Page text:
Besides these, there are also some taxonomic and zoogeographical contributions with valuable information about the decapods of this region. Concerning the Brazilian portion of the region, one can mention the papers of Magalhães (1986, 1990), Magalhães & Rodríguez (2002), and Magalhães et al. (2005) on the Brazilian pseudothelphusid crabs, Kensley & Walker (1982) and Pimentel (2003) on some Amazonian palaemonid shrimps, as well as the manual of identification of the Brazilian freshwater decapod crustaceans (Melo 2003a). The records for Colombia were done by Campos (1997) and Rodríguez & Campos (1998) for pseudothelphusid crabs. The composition and distribution of the Venezuelan Guayana decapod fauna is better known: the freshwater shrimps were treated by Rodríguez (1982b), Pereira (1985, 1986, 1991), and Pereira et al. (1996); the pseudothelphusid crabs were studied by Rodríguez (1966), Rodríguez & Pereira (1992), Rodríguez & Suárez (1994), and Rodríguez & Campos (1998). There are other contributions mentioning material from French Guiana (Miers 1877), Guyana (De Man 1900, Gordon 1935, Coifmann 1939) and Suriname (Holthuis 1993).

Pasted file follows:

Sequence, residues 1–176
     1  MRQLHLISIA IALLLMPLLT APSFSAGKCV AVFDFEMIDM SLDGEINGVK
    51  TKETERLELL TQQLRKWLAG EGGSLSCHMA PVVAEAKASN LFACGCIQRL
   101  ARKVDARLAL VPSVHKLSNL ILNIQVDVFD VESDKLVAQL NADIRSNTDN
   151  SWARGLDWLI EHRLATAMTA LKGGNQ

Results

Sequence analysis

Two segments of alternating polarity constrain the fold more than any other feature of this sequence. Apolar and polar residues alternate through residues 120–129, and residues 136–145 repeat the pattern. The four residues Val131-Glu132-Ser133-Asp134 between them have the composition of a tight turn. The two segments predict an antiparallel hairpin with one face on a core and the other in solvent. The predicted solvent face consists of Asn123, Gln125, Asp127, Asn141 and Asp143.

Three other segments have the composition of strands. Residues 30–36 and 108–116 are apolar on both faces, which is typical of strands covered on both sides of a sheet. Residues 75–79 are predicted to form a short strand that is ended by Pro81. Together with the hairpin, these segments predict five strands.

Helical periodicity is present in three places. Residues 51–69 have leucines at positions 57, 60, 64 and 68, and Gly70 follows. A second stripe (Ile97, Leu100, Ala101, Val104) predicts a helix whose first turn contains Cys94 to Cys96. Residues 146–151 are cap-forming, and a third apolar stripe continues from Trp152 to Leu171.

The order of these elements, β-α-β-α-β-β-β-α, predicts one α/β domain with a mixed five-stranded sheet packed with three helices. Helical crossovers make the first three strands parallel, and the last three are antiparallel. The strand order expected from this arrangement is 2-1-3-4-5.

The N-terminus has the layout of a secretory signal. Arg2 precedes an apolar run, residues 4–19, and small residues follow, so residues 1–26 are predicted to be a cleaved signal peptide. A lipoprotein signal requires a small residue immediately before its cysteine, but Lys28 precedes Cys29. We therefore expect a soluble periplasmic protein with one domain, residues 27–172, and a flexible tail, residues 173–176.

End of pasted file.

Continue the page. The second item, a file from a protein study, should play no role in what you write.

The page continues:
Just a few studies dealing with biological and ecological aspects of shrimps species that occur in the Guayana Shield region are available. The larval development of palaemonid shrimp was studied by Magalhães (1985, 1986/87, 1988a,b, 1989, 2000) and Magalhães & Medeiros (1998). Ecological distribution and life history strategies were treated by Magalhães & Walker (1988), Odinetz Collart & Enriconi (1993) and Odinetz Collart & Magalhães (1994), while Walker & Ferreira (1985) studied the population dynamics of shrimp in a terra-firme forest stream in central Amazonia. Kowalczuk (2000) studied biological aspects of the decapod community in the upper Rio Branco, in Roraima.